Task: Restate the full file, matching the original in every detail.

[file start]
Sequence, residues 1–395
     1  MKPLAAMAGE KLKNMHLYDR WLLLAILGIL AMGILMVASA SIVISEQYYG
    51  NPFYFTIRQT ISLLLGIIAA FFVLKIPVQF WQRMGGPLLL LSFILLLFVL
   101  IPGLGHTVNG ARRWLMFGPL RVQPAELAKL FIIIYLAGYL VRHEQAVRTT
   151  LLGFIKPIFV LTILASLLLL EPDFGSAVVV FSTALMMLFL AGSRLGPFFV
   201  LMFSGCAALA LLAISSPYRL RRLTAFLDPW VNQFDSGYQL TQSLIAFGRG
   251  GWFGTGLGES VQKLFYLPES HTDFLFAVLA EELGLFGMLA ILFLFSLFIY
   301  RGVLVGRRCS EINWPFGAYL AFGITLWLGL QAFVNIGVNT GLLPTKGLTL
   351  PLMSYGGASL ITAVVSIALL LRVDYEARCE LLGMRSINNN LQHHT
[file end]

Sequence, residues 1–395
     1  MKPLAAMAGE KLKNMHLYDR WLLLAILGIL AMGILMVASA SIVISEQYYG
    51  NPFYFTIRQT ISLLLGIIAA FFVLKIPVQF WQRMGGPLLL LSFILLLFVL
   101  IPGLGHTVNG ARRWLMFGPL RVQPAELAKL FIIIYLAGYL VRHEQAVRTT
   151  LLGFIKPIFV LTILASLLLL EPDFGSAVVV FSTALMMLFL AGSRLGPFFV
   201  LMFSGCAALA LLAISSPYRL RRLTAFLDPW VNQFDSGYQL TQSLIAFGRG
   251  GWFGTGLGES VQKLFYLPES HTDFLFAVLA EELGLFGMLA ILFLFSLFIY
   301  RGVLVGRRCS EINWPFGAYL AFGITLWLGL QAFVNIGVNT GLLPTKGLTL
   351  PLMSYGGASL ITAVVSIALL LRVDYEARCE LLGMRSINNN LQHHT